Vespertine, the newest release by Texas post-rock band This Will Destroy You, is a long, ambient drone that, while lacking in the heavy doomgaze qualities of the group’s former releases, isn’t significantly different from past records. The catch? It’s an architecturally inspired score for a restaurant of the same name. Officially released June 9, Vespertine was composed by the band for chef Jordan Kahn’s two-Michelin-star gastronomical experience and is intended as a musical journey through the building.
This Will Destroy You has always been somehow establishing and then pushing the boundaries for the limitlessly expansive genre of post-rock. Vespertine is yet another example of the band’s security in what it knows how to do best, and its confidence in bringing these skills to an unorthodox venture.
Vespertine is an entirely instrumental score, and while it may seem to some listeners as a single-note album without any elements such as drum fills or keyboard riffs to bring variety, that’s simply not the point of the record. The inflections in sound are slowly cascading, soft but lush. Vespertine is not an album to be focused on by itself, but one that instead adds depth and beauty to whatever environment it’s played in.
Vespertine begins with “Building,” intended to represent the feelings evoked when first looking at the restaurant. The song starts out with a deafening bass and static, which gently take a back seat to a sustained synth note before fading out slowly. It is atmospheric, enveloping and slightly startling. “Building” hits listeners with a wall of sound, fitting for a track intended to represent the outside of none other than its title.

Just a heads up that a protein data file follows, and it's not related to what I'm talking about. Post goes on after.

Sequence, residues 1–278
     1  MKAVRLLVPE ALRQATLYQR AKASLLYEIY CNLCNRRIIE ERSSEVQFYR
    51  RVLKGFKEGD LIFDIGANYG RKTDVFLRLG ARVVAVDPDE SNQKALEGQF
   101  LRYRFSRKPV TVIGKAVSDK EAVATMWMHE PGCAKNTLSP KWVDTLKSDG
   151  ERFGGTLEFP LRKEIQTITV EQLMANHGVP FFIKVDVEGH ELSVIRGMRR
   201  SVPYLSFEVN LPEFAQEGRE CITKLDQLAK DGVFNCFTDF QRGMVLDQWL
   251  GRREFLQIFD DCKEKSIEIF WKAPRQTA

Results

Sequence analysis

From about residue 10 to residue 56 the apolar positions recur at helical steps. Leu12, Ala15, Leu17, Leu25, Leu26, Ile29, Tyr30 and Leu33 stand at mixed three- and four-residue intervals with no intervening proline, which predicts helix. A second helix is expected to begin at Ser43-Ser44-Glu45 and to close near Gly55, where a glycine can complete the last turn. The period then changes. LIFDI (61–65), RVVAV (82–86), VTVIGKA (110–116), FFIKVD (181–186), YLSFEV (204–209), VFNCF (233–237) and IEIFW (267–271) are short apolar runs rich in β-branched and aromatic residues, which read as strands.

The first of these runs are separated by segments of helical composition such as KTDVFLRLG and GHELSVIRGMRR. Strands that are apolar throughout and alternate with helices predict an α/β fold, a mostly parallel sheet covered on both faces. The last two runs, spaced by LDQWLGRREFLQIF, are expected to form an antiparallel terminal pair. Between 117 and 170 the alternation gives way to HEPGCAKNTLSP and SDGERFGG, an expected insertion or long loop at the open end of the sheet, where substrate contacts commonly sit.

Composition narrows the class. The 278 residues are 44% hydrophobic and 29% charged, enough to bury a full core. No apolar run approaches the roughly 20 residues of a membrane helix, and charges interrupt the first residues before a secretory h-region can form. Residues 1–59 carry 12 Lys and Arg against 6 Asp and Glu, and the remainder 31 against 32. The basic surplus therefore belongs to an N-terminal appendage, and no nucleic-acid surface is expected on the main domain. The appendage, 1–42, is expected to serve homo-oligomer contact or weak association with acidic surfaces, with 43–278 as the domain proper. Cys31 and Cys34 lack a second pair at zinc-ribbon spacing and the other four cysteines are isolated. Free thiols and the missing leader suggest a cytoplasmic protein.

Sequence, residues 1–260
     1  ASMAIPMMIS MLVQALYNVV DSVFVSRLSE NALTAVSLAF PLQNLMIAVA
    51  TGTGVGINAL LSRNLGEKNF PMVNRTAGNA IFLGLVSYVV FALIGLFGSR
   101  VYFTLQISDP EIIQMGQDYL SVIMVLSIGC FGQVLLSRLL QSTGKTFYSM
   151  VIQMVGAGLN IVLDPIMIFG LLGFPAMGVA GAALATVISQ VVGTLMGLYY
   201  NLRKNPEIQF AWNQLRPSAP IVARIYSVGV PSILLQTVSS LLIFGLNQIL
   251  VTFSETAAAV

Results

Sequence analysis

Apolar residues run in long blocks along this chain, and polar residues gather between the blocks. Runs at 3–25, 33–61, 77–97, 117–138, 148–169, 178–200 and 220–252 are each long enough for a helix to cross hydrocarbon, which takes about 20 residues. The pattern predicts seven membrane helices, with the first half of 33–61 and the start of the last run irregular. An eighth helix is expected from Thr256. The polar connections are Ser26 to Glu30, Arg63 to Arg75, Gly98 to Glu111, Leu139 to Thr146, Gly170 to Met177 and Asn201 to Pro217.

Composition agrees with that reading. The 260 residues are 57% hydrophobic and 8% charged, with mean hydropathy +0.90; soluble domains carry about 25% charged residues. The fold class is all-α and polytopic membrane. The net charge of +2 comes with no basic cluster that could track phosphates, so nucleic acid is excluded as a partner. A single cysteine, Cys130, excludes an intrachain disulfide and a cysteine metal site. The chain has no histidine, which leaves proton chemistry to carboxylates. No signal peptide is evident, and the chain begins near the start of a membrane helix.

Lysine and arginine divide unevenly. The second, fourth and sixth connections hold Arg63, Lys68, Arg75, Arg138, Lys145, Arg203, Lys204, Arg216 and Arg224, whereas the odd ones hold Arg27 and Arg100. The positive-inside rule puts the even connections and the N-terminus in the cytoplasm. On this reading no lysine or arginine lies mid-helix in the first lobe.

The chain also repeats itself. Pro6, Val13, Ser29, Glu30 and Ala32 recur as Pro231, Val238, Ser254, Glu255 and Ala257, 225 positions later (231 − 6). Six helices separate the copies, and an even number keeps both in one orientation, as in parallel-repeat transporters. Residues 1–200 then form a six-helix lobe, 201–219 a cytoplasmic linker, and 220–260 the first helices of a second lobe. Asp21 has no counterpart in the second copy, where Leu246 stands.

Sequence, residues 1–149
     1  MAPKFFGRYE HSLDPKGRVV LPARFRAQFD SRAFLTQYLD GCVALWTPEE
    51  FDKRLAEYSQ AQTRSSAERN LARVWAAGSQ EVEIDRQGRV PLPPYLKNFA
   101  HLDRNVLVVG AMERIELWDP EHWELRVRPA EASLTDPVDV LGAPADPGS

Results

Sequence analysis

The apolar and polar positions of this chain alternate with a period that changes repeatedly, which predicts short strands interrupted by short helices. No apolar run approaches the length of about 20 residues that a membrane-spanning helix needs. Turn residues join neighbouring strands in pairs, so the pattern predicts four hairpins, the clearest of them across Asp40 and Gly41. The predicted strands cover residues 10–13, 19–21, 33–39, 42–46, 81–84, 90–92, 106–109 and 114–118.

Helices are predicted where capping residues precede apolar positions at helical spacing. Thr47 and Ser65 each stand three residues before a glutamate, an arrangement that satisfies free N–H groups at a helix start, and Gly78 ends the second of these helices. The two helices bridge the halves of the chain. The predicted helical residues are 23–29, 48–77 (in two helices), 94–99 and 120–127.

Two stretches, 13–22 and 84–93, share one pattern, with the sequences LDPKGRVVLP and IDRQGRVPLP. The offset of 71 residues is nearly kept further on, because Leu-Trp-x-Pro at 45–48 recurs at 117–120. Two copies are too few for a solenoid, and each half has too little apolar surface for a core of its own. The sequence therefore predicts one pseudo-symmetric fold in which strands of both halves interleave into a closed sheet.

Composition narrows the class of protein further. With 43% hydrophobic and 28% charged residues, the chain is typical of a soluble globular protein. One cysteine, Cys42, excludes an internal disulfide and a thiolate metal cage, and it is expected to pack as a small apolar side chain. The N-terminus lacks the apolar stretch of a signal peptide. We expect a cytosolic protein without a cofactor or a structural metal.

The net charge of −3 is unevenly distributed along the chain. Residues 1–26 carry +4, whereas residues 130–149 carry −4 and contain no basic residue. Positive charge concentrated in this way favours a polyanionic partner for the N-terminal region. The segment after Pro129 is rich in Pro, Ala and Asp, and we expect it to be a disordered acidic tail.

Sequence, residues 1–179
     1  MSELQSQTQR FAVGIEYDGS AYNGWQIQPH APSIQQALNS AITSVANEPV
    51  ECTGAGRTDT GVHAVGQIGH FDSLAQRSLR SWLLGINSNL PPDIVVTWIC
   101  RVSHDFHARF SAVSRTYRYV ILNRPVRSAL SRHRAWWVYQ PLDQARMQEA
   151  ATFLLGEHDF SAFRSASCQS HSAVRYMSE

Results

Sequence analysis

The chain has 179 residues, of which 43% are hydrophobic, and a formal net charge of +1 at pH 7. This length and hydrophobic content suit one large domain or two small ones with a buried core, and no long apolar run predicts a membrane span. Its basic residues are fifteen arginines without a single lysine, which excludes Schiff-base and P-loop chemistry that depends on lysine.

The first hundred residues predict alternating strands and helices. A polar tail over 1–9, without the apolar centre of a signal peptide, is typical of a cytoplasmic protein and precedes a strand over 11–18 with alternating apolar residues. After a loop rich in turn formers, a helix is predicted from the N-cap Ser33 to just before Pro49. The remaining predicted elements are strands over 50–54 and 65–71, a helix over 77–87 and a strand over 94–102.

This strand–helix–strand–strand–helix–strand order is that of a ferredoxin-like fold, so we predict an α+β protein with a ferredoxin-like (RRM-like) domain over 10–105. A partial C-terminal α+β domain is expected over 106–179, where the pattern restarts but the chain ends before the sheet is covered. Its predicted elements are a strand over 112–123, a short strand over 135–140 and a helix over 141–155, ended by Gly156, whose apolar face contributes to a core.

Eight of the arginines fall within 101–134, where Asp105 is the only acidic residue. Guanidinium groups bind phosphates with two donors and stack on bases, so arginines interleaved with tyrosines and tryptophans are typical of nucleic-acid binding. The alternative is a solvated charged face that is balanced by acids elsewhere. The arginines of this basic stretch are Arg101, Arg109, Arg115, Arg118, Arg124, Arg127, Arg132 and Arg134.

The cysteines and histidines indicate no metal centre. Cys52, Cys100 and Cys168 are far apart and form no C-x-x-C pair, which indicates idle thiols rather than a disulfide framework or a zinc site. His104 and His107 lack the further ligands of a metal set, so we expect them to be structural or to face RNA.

The next installment, “Entrance,” represents a stark contrast from “Building.” Shifting from dark notes to brighter ones, which echo and fuzz as they dissipate, “Entrance” is hopeful and relaxing. It invades the mind and seems to go on for an eternity, despite being one of the shorter songs on the record. Toward the end, “Entrance” takes on a heavier tone, but never loses its sense of hope, instead exuding an air of mystery.
“Kitchen” and “Rooftop” mark the beginning of the interior of Vespertine and are more dynamic in composition, while still maintaining the simplicity of the record. “Kitchen” adds in distinct piano strokes backed by a singular booming bass note. The notes slowly build upon one another and create waves of emotion and soothing sound. “Rooftop” is another beautiful track, full of lulling synths. With repetitive crests and pauses of sound, it is slightly more monotone than its predecessor, like a warm immersion into a dream.
“Exit” circles the album back to the start, with hints of the ominous bass from “Entrance” peeking through. But “Exit” still holds on to the sense of unexpectedness and anticipation brought on from “Entrance,” signaling that it isn’t yet time for goodbye.
In fact, there’s one more track after “Exit,” the pinnacle of the record: “Garden.” Natural and dreamy with a gradual progression, the track has the perfect level of minimalism while adding in enough chord changes to keep things interesting for an extended amount of time. “Garden” also has a slight reverb incorporated, giving the song a calm yet tripped-out quality. Though “Garden” clocks in at nearly 22 minutes, it’s timeless and gloriously ethereal.
Vespertine is a cohesive sensory experience, an ambitious experiment by an established post-rock band carried out flawlessly. The album could have easily become tired and boring ambient noise, but instead the intricate placement of synths and deep cadences give this record a soul.
Vespertine isn’t just restaurant music. It’s a sprawling yet composed masterpiece. It has its own integrity as an album, apart from its association with a posh Los Angeles eatery. The record has a way of extracting listeners from a ho-hum existence and allowing them to get lost in the elegance and unbroken flow of the music.